Last month Norfolk was treated to a rare sight, the Aurora Borealis. The spectacular show was due to a coronal mass ejection from the sun. This is a fast moving cloud of charged particles emitted when a sunspot erupts, producing a solar flare. The charged particles interact with atoms of the Earth’s atmospheric gases near the magnetic poles, and the burning gases create a display of ethereal coloured lights – oxygen produces green and yellow lights, nitrogen produces blue, and red and violet can also be seen. The aurora is usually only visible above the north and south magnetic poles, but under the right conditions can be seen at other latitudes. The display in Norfolk is said to have started around 8 pm in the evening and to have lasted for several hours.
The Aurora Borealis is also known as the Northern Lights, and the equivalent in the southern hemisphere, the Aurora Australis, is known as the Southern Lights. Other names for the Northern Lights include Merry Dancers and Lord Derwentwater’s Lights. This last name refers to James Radclyffe, the third Earl of Derwentwater, who was an English Jacobite beheaded for rebellion on 24 February 1716, when the lights were said to be unusually brilliant.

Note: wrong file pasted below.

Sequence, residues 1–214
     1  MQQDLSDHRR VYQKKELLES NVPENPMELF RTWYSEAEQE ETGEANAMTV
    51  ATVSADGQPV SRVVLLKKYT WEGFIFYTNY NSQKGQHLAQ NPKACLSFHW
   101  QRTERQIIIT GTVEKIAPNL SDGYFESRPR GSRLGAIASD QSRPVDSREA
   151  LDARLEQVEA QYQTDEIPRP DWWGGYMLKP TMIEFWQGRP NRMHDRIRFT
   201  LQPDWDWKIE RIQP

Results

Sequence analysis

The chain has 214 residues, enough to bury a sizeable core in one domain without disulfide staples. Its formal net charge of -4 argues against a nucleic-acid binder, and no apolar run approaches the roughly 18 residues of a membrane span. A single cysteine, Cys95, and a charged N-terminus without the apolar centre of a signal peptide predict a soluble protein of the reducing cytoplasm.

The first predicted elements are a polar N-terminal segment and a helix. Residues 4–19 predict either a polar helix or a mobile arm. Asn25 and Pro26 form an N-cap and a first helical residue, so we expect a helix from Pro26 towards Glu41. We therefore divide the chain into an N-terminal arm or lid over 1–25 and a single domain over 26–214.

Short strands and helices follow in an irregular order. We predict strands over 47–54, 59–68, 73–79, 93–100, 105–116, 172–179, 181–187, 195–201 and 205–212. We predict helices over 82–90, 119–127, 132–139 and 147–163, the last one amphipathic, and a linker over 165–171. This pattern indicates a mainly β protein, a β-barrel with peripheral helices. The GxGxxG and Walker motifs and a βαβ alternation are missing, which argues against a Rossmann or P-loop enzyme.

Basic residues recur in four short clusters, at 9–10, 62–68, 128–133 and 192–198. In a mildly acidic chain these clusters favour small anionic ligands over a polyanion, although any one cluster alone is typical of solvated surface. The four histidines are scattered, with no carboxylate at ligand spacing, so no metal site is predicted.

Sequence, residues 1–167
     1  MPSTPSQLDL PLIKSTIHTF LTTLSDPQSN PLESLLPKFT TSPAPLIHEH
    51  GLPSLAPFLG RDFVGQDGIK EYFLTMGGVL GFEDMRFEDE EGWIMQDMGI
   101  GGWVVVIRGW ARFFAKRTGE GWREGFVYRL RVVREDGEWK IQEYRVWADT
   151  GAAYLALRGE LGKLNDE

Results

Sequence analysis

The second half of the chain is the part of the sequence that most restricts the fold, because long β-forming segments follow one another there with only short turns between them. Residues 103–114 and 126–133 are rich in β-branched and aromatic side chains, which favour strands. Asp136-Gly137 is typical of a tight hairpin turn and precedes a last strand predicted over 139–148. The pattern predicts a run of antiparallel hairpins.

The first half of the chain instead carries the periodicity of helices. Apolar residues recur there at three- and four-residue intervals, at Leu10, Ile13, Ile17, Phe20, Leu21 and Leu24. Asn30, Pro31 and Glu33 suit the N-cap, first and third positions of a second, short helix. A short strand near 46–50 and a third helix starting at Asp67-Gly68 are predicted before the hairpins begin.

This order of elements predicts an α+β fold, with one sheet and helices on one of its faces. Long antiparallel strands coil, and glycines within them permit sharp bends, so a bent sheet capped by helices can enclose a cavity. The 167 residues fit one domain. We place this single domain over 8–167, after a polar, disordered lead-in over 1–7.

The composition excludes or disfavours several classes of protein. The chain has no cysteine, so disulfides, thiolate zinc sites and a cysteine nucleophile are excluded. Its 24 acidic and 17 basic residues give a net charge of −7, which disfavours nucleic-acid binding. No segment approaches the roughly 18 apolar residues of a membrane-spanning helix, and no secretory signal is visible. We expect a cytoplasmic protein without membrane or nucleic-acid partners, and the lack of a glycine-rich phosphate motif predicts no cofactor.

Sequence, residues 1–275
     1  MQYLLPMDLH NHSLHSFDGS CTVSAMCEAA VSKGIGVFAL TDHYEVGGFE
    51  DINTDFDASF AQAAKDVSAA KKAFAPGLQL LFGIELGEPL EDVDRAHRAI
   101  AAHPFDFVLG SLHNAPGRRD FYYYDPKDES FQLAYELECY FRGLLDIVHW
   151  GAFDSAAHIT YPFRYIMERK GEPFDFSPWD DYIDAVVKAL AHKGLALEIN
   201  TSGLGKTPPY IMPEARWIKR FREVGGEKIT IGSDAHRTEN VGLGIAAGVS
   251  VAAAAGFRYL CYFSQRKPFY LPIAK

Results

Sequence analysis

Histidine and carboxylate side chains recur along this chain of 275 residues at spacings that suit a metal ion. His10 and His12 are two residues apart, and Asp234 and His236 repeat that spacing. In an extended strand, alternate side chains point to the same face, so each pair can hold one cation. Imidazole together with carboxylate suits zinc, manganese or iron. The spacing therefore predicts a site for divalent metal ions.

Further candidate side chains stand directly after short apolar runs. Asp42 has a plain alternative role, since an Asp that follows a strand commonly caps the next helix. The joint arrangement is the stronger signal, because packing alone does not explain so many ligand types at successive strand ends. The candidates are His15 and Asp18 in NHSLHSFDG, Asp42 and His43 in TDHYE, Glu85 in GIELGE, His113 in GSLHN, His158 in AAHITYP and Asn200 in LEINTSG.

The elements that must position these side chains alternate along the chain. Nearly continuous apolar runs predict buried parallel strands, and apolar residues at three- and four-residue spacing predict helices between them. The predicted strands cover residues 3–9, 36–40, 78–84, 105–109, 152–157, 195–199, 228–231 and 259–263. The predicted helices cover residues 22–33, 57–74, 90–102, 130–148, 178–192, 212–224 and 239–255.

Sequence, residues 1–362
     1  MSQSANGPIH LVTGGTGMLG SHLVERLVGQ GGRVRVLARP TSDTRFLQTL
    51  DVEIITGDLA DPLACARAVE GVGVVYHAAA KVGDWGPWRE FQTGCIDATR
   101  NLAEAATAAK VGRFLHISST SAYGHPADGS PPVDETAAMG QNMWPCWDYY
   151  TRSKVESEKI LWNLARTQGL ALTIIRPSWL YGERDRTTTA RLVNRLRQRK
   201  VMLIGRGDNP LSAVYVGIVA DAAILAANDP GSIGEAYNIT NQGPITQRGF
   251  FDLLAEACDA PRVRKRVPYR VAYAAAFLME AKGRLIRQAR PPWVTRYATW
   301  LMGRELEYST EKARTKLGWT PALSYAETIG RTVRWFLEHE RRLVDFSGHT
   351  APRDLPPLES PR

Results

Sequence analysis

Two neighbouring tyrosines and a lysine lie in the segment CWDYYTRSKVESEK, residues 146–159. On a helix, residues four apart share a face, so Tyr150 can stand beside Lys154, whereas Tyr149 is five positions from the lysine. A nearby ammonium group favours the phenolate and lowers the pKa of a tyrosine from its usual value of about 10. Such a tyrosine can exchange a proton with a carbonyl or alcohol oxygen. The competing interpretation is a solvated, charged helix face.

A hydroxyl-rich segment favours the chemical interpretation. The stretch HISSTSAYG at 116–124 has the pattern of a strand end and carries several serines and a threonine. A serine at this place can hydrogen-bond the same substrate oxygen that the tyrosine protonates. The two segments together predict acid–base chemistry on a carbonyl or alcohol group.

There are many myths associated with the Northern Lights. They take the name Aurora from the Roman goddess of the dawn who flies across the sky every morning to announce the arrival of her brother, Sol, the sun. Her sister is Luna, the moon, and the morning dew is referred to as Aurora’s tears. According to Brewer’s 1870 Dictionary of Phrase and Fable, the lights were ascribed by “northern savages” to the merriment of ghosts, while Finnish legend suggests that the lights are caused by magical fire-foxes whose tails brush the sky, creating sparks. The Saami people of Lapland believed that the lights were the energies of the souls of the departed, or the fire of torches lighting their way to heaven. In Norway they were thought to be the spirits of old maids dancing in the sky, the Vikings called them the bridge to Valhalla, and the Australian aborigines interpreted them as the gods dancing. The lights may also have been the origin of early dragon legends from China and Europe, where they were interpreted as the dragons’ firey breath.
If you missed out this time you may like to use Lancaster University’s AuroraWatch service. Sign up at http://aurorawatch.lancs.ac.uk/alerts and they will alert you by email or Twitter when an aurora is likely to be visible from the UK.